“The accused were alleged to have kidnapped the girl below 16 years of age from the lawful guardianship of her parents and taken her to another city. The co-accused had simply met the girl and had not instigated her to accompany the accused. Hence, her conviction was set aside. So far accused was concerned, his offence of kidnapping was proved beyond all doubts and he was convicted u/s 363/366 IPC. Accused was however acquitted of the charge of rape u/s 375 IPC as hymen of girl was intact and there were no outward sign of injuries or violence suggesting the sexual intercourse and consequently no rape could be said to have taken place.”
In the instant case, the act of the accused proves that during the kidnapping of the prosecutrix or forcibly taking her to the Gumti, the accused had intention or knew it likely that the prosecutrix would be forced to have illicit intercourse. Hence, it is not a mere case of kidnapping for indecent assault but the purpose for which kidnapping was done by the accused has been proved. It is a different matter that the accused failed at the stage of preparation of committing the offence itself.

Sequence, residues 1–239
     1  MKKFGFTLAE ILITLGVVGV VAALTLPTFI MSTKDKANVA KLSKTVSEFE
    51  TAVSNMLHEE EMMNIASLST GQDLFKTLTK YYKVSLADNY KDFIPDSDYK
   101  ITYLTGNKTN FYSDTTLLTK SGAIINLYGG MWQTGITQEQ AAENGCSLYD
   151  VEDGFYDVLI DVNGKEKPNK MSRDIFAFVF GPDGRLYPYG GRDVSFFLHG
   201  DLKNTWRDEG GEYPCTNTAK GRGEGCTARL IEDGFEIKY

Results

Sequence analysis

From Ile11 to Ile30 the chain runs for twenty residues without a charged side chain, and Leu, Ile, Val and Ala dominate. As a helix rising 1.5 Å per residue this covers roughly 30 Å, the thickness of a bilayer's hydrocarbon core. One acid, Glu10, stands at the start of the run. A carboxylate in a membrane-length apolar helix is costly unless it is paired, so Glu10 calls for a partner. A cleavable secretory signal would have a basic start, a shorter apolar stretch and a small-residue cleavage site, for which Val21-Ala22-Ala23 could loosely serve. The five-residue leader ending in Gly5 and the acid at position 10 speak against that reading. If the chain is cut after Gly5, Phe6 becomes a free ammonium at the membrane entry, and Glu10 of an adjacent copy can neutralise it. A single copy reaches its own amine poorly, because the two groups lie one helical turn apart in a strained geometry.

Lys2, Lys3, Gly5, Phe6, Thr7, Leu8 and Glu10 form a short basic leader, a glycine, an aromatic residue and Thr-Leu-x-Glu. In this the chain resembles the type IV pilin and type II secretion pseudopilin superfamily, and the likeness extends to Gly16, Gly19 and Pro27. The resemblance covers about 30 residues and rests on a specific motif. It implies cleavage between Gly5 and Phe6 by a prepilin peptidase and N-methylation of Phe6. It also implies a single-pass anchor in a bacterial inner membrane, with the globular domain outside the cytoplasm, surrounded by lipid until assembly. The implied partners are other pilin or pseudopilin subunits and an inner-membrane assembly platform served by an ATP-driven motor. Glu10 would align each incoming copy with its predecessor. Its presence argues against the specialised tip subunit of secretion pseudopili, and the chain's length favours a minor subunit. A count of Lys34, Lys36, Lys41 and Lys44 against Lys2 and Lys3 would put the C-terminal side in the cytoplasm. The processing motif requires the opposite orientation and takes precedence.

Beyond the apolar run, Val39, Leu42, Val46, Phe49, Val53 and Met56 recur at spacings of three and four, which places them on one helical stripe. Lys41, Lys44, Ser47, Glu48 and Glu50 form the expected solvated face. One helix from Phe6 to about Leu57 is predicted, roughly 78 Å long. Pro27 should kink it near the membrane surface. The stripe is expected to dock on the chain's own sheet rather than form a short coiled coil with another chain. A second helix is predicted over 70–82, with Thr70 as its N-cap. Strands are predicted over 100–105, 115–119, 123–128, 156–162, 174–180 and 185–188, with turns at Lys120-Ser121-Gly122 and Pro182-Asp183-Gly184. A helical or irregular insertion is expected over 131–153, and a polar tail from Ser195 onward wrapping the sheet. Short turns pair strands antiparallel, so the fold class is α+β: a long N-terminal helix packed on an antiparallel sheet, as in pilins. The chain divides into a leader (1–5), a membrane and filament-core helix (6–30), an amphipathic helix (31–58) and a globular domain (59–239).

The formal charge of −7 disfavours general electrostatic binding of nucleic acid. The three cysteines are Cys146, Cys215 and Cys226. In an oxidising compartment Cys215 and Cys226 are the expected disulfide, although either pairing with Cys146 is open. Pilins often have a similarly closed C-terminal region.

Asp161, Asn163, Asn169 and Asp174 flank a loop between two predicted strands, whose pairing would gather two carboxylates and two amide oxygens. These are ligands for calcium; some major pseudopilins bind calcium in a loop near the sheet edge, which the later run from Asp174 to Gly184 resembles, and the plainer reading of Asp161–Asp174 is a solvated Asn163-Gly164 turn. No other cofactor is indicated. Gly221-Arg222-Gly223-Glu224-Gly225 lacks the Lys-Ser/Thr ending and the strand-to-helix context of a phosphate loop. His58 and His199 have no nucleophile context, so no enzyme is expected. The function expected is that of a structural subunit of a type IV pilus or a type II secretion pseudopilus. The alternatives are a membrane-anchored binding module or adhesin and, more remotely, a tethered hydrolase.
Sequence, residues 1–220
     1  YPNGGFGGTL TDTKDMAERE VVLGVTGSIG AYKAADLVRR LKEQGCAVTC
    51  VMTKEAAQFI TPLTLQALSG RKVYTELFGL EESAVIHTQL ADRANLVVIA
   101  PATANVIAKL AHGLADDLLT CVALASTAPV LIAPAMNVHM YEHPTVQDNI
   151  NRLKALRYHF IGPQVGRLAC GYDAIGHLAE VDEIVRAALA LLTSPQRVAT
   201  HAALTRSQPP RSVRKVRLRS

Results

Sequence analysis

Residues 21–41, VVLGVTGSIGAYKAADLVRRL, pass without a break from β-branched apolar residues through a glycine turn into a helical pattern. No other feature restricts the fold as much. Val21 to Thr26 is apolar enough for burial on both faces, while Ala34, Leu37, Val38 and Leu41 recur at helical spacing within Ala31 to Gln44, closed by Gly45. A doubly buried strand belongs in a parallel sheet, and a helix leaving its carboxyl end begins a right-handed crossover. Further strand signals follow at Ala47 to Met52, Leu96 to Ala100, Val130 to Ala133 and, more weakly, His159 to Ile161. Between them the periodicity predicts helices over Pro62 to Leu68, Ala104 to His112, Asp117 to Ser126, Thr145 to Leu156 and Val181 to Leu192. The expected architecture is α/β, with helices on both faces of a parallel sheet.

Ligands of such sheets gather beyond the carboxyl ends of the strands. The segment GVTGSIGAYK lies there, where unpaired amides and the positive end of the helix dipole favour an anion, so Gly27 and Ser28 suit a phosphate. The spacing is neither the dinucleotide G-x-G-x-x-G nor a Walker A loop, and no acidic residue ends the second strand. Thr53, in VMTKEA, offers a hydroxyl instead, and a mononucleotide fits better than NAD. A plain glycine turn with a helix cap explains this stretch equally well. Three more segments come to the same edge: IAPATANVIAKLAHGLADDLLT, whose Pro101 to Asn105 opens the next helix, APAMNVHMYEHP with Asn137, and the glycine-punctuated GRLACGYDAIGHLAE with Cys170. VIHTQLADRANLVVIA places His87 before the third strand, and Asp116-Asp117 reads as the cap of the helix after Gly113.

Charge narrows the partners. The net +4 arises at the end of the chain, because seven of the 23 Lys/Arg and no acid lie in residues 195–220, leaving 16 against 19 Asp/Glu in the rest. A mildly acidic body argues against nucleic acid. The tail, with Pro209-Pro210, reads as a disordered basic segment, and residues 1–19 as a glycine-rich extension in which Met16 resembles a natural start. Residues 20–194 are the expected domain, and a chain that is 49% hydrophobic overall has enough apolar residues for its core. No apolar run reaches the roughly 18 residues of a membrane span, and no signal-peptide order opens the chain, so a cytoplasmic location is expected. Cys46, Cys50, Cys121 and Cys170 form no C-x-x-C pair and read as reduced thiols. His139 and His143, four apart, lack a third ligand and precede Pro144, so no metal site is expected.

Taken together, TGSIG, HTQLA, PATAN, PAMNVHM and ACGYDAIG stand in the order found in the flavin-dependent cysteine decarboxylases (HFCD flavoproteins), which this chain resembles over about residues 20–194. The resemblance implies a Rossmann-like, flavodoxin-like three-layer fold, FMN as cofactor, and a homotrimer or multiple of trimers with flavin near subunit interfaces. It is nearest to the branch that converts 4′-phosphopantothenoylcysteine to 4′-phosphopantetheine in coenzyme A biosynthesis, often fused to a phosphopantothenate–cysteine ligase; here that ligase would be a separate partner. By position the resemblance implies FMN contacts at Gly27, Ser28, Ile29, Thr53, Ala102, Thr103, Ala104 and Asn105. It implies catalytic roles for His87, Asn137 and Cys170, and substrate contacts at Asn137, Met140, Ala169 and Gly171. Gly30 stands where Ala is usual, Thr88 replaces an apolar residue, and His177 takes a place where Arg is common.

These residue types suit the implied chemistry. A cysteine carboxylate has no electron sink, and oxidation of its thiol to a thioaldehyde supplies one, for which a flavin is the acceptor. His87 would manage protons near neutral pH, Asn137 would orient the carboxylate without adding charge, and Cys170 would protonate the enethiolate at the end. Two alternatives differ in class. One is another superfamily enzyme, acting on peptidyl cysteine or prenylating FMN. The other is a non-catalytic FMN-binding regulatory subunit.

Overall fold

In view of the foregoing facts and circumstances of the case, we are of the opinion that the crime committed by the accused was at initial stage of preparation. The offence committed does not come within the purview of offence punishable under Sections 376/511 IPC. The offence committed squarely covers the ingredients of Sections 366 and 354 IPC. The appellant was charged under Sections 376/511 IPC but on invoking the provisions of Section 222 of the Code of Criminal Procedure the accused charged with major offence can always be convicted for the minor offence, if necessary ingredients of minor offence are present.